Really, I'm assuming licensing, maybe technical, difficulties are the only thing (or things) standing in the way between us and this song on Rock Band, because seriously, they couldn't have NOT entertained this song as an idea. The question is: do you chart the keys to the piano, or to the horns?
64. "The Way" by Fastball (All the Pain Money Can Buy, 1998)
Popular in its time, still a catchy song, could be popular amongst the 30+ demographic, covers all the bases in terms of instruments (straightforward piano chords, harmonies, crunchy guitar with two solos, the rhythm section). Not much more to say than that.
65. "Marquee Moon" by Television (Marquee Moon, 1977)
Someone on the RB forums once asked what television was best for Rock Band, and one of the responses was "Marquee Moon." I don't know whether they were referring to the album on a whole or the title track--a ten-minute epic with fantastic, winding guitar solos, a noodling bassline, and widely-varying drums--but after listening to the entire album, I think the title track would be fantastic to play in-game. Unless I were singing, I suppose, in which case I could make a sandwich or something during the solo. Then the people I was playing with would be huge douches and play this alongside Working Man, GGHT, and probably Bodhisattva, and I'd be all "screw this" and storm off Noel Gallagher style.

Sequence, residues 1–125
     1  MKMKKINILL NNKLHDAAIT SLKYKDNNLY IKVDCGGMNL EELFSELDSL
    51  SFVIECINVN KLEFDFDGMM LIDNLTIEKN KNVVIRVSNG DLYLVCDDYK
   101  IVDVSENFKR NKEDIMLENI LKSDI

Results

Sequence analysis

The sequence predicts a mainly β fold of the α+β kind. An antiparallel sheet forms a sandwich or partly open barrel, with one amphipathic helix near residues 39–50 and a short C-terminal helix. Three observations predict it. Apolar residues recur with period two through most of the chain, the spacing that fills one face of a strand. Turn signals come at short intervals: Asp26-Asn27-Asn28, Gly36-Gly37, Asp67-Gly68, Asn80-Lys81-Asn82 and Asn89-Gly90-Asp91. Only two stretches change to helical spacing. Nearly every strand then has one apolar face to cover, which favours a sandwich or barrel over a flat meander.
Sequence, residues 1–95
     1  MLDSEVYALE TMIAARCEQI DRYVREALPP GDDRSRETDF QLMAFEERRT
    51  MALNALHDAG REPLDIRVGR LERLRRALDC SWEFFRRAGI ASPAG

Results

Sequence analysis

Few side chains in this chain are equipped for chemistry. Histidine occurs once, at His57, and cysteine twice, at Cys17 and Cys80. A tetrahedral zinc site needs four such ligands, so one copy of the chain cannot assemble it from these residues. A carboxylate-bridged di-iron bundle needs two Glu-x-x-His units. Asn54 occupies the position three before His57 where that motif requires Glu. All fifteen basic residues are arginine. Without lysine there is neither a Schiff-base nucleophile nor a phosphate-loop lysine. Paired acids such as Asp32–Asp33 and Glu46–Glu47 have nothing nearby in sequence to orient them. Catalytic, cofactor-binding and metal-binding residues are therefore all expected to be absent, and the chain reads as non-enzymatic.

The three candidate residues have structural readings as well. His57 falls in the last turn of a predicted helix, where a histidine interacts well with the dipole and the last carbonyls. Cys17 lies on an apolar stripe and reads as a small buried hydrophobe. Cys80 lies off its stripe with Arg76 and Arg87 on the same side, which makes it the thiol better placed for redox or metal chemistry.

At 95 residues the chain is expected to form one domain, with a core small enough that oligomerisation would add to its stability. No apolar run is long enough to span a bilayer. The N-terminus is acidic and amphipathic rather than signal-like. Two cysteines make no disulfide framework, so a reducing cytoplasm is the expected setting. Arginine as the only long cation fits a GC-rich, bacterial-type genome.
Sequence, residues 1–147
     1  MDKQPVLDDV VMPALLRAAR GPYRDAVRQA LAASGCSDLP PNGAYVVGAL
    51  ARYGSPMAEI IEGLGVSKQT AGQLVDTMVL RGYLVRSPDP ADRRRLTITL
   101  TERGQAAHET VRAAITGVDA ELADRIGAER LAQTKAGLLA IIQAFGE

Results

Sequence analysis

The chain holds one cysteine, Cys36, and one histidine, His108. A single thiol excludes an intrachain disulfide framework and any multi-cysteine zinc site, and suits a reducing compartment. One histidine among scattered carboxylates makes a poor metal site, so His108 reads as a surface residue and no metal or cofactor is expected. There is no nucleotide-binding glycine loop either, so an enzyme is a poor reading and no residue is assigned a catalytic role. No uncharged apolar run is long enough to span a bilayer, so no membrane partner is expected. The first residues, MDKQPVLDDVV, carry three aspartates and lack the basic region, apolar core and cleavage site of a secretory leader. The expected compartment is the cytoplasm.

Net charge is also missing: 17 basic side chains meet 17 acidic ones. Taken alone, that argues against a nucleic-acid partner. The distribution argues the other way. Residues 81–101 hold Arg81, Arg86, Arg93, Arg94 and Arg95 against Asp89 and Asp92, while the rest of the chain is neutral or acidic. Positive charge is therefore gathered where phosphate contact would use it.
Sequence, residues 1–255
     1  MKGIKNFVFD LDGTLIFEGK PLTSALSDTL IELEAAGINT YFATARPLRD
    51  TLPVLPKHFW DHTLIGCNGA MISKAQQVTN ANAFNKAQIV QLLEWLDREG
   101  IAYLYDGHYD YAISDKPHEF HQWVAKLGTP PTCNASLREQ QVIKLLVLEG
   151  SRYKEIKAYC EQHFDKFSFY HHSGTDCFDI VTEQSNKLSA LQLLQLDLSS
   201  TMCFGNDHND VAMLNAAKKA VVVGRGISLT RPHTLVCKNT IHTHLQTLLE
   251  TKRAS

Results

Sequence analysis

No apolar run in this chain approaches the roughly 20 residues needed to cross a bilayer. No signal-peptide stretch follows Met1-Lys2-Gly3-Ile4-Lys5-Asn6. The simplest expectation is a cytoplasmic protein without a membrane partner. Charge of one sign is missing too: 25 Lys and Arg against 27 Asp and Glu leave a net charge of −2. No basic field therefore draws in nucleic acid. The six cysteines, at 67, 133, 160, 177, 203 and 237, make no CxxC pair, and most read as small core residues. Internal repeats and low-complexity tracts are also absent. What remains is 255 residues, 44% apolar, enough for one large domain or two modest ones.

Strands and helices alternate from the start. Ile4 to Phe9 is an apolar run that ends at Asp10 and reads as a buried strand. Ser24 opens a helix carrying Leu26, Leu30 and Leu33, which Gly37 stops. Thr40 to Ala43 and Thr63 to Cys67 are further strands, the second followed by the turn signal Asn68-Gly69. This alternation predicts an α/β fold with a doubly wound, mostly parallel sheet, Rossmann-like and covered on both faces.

66. "I Wanna Be Your Limousine" by Black Kids (Partie Traumatic, 2008)
Dance Rock is one of my favored genres, and Black Kids gets it right. This song is chock full of spunk and catchy hooks built on crazy awesome harmonies. Two of their singles, "Hurricane Jane" and "I'm Not Gonna Teach Your Boyfriend How to Dance With You" are also good candidates, but I don't believe they'd work as well. I mean, come on--this song has harmonized Wizard of Oz chanting! Can you get more awesome than that?